Environmental Assessment as Planning and Disclosure Tool: Greenpeace Canada v. Canada (Attorney General)
Greenpeace, Canada, environmental assessment, environment, nuclear power plant, Supreme Court of Canada
In Greenpeace Canada v. Canada (2014), the applicants successfully challenged the adequacy of the environmental assessment report prepared in relation to a proposed nuclear power plant. In assessing that report, the Federal Court described environmental assessment as an "evidence-based and democratically accountable" decision-making process. In this comment I suggest that this characterization represents the most significant-if perhaps also long overdue development in Canadian environmental assessment law since the Supreme Court's landmark decision in Friends of the Oldman River Society v. Canada. I also discuss some of the implications of this characterization, including the extent to which environmental effects must be considered and the proper approach to judicial review in this context.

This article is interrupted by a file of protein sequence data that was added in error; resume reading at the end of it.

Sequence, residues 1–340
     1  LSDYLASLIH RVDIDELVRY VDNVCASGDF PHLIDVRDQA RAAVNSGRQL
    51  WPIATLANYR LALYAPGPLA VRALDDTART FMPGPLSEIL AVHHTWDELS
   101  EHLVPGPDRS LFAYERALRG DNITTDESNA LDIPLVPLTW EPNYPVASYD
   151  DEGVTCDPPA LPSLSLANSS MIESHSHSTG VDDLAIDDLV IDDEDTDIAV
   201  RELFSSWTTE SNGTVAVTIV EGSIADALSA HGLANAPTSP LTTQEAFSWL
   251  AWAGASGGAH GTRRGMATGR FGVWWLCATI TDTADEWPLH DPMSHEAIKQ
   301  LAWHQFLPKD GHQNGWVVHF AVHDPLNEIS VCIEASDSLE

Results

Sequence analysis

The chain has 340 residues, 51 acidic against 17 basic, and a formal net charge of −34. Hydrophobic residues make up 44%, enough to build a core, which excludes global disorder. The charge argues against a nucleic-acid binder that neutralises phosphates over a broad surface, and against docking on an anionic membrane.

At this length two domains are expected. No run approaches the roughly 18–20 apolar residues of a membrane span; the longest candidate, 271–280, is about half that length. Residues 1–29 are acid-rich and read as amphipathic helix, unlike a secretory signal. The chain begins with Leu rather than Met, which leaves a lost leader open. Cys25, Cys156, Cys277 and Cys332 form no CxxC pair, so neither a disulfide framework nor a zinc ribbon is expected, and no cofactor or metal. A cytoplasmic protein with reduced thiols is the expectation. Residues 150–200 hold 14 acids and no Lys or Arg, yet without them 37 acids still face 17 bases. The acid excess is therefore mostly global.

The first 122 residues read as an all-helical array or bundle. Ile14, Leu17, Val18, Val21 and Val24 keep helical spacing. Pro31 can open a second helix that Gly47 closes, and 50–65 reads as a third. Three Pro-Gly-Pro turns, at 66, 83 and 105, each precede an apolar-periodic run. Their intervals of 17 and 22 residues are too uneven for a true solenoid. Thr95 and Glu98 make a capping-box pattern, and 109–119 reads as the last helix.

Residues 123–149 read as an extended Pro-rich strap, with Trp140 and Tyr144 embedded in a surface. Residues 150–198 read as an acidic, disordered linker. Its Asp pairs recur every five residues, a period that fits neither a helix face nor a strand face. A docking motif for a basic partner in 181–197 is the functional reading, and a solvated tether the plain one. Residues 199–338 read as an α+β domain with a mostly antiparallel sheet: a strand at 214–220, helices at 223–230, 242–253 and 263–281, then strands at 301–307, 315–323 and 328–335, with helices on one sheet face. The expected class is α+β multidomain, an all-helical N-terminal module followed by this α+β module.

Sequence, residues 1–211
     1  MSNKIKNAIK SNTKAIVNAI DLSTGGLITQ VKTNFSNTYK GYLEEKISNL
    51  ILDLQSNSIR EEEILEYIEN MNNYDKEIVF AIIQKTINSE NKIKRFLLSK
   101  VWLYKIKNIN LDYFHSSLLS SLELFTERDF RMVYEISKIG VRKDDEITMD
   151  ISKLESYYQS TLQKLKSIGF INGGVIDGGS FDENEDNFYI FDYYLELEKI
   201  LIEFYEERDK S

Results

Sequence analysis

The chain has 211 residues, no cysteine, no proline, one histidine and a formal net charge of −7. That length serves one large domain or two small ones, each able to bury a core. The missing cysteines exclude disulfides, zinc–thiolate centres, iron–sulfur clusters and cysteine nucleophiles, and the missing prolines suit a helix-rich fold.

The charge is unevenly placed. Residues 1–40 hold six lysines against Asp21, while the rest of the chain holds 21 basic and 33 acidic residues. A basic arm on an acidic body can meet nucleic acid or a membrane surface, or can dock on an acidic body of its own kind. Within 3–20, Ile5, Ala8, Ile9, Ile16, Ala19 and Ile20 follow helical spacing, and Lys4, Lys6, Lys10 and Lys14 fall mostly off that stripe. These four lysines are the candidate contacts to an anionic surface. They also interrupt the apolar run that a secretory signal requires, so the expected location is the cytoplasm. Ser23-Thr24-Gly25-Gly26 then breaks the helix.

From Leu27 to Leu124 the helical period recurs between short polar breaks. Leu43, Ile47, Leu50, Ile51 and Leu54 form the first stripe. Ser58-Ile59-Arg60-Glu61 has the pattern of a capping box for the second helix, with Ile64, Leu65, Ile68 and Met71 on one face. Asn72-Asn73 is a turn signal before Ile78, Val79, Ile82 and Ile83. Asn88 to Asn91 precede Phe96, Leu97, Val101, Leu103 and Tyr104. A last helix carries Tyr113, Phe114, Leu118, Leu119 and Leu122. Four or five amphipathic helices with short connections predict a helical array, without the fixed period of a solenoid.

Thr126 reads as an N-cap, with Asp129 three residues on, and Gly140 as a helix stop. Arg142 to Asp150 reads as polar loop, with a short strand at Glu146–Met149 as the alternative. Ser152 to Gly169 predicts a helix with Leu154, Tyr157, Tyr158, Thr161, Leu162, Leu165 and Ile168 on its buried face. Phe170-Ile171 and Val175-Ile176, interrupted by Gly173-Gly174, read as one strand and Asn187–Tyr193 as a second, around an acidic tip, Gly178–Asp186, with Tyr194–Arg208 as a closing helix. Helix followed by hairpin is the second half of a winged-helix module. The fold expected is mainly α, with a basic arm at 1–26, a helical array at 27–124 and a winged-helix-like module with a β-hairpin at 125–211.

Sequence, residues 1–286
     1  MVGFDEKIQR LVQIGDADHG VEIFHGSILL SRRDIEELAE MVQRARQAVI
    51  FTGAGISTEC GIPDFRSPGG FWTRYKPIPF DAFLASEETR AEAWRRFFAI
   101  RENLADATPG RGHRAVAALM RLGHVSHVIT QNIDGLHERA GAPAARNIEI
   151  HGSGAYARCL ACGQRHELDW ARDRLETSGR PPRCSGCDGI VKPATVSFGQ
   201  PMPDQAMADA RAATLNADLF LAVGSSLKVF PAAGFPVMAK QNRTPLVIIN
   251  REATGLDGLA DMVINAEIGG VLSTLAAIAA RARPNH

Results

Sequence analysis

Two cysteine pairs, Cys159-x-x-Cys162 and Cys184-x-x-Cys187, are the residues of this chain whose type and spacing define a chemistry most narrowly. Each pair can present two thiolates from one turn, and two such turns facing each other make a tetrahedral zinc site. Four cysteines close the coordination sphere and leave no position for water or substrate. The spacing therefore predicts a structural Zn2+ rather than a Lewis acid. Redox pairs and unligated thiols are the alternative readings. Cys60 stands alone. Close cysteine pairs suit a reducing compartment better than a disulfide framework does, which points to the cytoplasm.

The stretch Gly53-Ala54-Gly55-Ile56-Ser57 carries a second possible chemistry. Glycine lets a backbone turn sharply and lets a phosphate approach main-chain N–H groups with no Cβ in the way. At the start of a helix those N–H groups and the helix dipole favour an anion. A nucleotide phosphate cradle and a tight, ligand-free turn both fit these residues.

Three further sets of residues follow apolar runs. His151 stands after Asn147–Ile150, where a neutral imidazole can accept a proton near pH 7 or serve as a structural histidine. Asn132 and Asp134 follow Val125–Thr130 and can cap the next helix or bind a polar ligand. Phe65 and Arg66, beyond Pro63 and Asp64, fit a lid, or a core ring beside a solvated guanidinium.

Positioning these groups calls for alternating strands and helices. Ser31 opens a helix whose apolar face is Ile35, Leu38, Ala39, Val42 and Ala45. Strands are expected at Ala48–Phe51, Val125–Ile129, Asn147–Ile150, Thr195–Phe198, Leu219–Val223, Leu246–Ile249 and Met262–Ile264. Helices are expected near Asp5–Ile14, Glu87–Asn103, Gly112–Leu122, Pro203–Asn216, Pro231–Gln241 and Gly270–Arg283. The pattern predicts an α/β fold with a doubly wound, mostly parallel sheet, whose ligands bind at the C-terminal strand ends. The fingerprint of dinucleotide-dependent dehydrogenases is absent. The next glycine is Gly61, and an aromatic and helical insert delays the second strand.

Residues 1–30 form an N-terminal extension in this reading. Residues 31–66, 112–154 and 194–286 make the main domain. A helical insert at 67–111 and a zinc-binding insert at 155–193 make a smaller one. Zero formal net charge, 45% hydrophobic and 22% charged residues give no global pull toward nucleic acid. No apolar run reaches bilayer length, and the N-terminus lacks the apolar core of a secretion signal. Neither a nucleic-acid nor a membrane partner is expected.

Martin ZP Olszynski, "Environmental Assessment as Planning and Disclosure Tool: Greenpeace Canada v. Canada (Attorney General)" (2015) 38:1 Dal LJ 207.